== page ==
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Government Regulation 

The complex field of administrative law addresses how government agencies regulate the conduct of private parties, and the specialized procedures courts use in reviewing those restrictions. Whenever someone has a dispute with any governmental “department,” “agency,” “administration,” “bureau,” “board,” or “service,” administrative law is involved.


Stuart Miller has been deeply involved in administrative law for his entire career. He has been a litigator both for and against government agencies, has taught administrative law as a law school professor, and has been a prolific author on the subject. Indeed, most of the cases discussed in this website involved administrative law. His litigation victories, involving a wide array of administrative agencies, include:



Mullally v. City of Los Angeles
49 Fed.Appx. 190 (9th Cir. 2002).

Representation of the Feminist Majority Foundation as a friend of the court in obtaining the reversal of a prison sentence for a whistle-blower who disclosed a departmental coverup of domestic violence by Los Angeles police officers. This case led to a comprehensive investigation by the LAPD Inspector General revealing widespread domestic violence by officers and systemic departmental protection of them.


Ruiz v. City of Rialto
10-01639 (C.D. Cal. 2011).

This action on behalf of nightclub owners resulted in the termination of an ongoing campaign of police harassment including demands for monthly payments of $15,000 for police services.


Public Health

State of New York v. Radium Chemical Co.
16968/87 (Sup. Ct. Queens Co. 1987).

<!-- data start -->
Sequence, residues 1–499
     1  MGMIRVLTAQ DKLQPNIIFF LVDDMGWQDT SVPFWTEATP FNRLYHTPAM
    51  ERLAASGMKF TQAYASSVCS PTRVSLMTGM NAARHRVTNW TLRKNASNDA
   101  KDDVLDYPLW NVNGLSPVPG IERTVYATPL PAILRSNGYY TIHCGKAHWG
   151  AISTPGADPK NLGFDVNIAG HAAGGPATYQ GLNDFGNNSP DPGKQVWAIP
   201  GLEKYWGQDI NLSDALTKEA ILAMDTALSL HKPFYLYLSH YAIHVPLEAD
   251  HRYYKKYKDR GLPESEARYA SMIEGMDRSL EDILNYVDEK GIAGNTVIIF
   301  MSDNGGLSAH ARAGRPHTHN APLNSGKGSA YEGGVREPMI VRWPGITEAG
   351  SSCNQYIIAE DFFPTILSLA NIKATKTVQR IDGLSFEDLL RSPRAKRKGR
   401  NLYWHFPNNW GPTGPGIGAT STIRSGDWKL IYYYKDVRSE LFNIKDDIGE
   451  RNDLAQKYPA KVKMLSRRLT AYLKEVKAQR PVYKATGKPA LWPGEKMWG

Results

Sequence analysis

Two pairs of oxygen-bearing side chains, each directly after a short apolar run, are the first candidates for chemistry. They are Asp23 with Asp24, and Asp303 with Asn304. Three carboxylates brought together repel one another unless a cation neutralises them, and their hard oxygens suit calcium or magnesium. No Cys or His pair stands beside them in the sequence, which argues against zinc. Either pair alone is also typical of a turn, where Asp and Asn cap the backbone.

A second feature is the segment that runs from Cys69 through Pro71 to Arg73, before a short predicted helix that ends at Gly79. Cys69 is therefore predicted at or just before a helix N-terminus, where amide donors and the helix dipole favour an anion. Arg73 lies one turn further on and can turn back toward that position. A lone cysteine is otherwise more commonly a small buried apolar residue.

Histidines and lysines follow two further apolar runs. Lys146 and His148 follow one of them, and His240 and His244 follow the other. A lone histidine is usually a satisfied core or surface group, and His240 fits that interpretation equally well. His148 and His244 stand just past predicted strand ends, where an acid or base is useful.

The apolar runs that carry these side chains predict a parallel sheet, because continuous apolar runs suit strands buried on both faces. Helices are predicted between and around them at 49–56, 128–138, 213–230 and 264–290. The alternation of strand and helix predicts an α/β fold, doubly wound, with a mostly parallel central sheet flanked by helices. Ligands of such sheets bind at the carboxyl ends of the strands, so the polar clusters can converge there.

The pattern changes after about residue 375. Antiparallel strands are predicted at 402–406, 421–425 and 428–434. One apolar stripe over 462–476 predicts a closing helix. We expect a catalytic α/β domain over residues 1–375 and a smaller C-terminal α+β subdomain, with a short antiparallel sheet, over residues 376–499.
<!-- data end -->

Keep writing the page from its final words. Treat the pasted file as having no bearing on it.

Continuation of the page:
Enjoined the world’s largest radium facility to dispose of all radioactive material and decontaminate its premises. The EPA called the ensuing environmental cleanup “the most dangerous Superfund project ever.” (New York Times, Sept. 10, 1989.)


City of New York v. New St. Mark’s Baths
497 N.Y.S.2d 979, aff’d, 505 N.Y.S.2d 1015, app. dism., 512 N.E.2d 555 (1987).

Upheld and enforced an ordinance declaring commercial facilities promoting “unsafe sex” to be public nuisances. This was a landmark decision sustaining one of the first governmental responses to the AIDS epidemic, and is reproduced in law school textbooks on public health law.



As Assistant Attorney General in the New York State Department of Law, Stuart was entrusted with some of New York’s most difficult and sensitive environmental lawsuits, many of which are described throughout this website.



Happy Nails & Spa of Fashion Valley v. Su
(July 19, 2013) D060621, 159 Cal.Rptr.3d 503.

Business owners defeated a claim by the California Employment Development Department by proving that their workers are independent contractors rather than employees. Another state agency then brought a similar claim against the same business. In a 31-page decision, the Court of Appeal ruled that a judgment against one state agency precludes relitigation of the same issue by another state agency.


In addition to his work as a litigator, Stuart published over sixty articles as the administrative law columnist for the Los Angeles Daily Journal and San Francisco Daily Journal



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